documents are better to reference, and (iii) ANSI is gradually moving 
toward ratification of the ISO stuff, rather than developing local 
variations anyway.  In the third case, it would, I think, be appropriate 
to include in a reference "ISO NNNN:YYYY (technically identical to ANSI 
X3.MMM-YYYY)" and, if available and useful, to appropriate other 
national standards.
   What we should avoid, and here is where the ASCII story comes back 
in, is retroactively changing the definition of a protocol by changing 
the targets of its references.  So, for example, the definitive RFC822 
character set is ASCII, not ISO646, because the latter isn't ASCII and 
substituting one for the other could change the protocol in a subtle (or 
not-so-subtle) way.  It is appropriate to view ASCII as a national 
variation on ISO646, but that makes it a national Standard, not an 
International one.

6) It would be desirable for all references to "ASCII" in RFC-MNEM and
 RFC-CHAR be changed to "US ASCII" so that people outside the US who
 are accustomed to referring to ALL 7-bit character sets as "ascii" in
 common usage do not inadvertently misread the content of the RFCs.

Again, I think there are *very* strong arguments for consistency with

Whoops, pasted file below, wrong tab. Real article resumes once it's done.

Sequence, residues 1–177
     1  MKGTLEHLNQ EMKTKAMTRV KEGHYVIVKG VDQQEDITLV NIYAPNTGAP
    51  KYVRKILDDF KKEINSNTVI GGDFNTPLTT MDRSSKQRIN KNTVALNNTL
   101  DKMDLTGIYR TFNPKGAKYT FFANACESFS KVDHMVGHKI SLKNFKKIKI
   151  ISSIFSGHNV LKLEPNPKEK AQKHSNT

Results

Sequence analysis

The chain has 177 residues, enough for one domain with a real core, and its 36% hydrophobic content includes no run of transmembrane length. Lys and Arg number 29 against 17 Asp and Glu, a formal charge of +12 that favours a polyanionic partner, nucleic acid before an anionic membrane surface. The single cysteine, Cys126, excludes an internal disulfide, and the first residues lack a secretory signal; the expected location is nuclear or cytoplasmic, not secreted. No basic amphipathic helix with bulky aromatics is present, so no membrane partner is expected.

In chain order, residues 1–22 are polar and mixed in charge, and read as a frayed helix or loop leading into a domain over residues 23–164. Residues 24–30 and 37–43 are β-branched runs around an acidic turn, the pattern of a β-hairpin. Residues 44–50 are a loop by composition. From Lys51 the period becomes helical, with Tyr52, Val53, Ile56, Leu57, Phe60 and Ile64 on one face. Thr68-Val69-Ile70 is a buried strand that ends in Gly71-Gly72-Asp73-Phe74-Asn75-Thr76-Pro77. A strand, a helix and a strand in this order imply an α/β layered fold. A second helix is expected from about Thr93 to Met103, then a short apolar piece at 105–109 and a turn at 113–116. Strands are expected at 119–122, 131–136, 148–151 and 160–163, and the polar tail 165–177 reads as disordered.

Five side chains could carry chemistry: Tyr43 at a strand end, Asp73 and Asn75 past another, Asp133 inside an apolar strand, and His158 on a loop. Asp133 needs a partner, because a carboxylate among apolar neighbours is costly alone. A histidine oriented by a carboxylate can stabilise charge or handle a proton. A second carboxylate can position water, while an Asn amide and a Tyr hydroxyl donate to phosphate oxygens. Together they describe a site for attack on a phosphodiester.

RFC-XXXX.  That said, I think "US ASCII" is redundant, silly, and a 
general eyesore.  There are lots more people within the US who confuse 
ASCII with "any 7 bit character set" than there are outside.  Most of 
the "outsiders" are painfully aware of the differences between their 
national 646 variations and ASCII, of the differences between their 
keyboards and the US norms, etc.  I don't think there is any special 
virtue gained or lost in the process, but we (in the US) have been 
amazing successful in half-exporting our technology and conventions.  
I'd guess there are a lot of devices in Denmark that display Keld's name 
with a vertical bar, and I'd guess that, every time he sees that 
vertical bar, he is reminded that the Danish national 646 variation 
isn't ASCII.  And that realization doesn't take Keld's knowledge and 
experience to understand.  I'd imagine every Danish schoolchild who has 
been through "typing on the computer 1 and 2" understands it also.
   The above story is obviously also true if you substitute any 
non-English-speaking country that uses the Latin alphabet for Denmark.
   Now, I've got a friend who has several dogs.  And one of them is very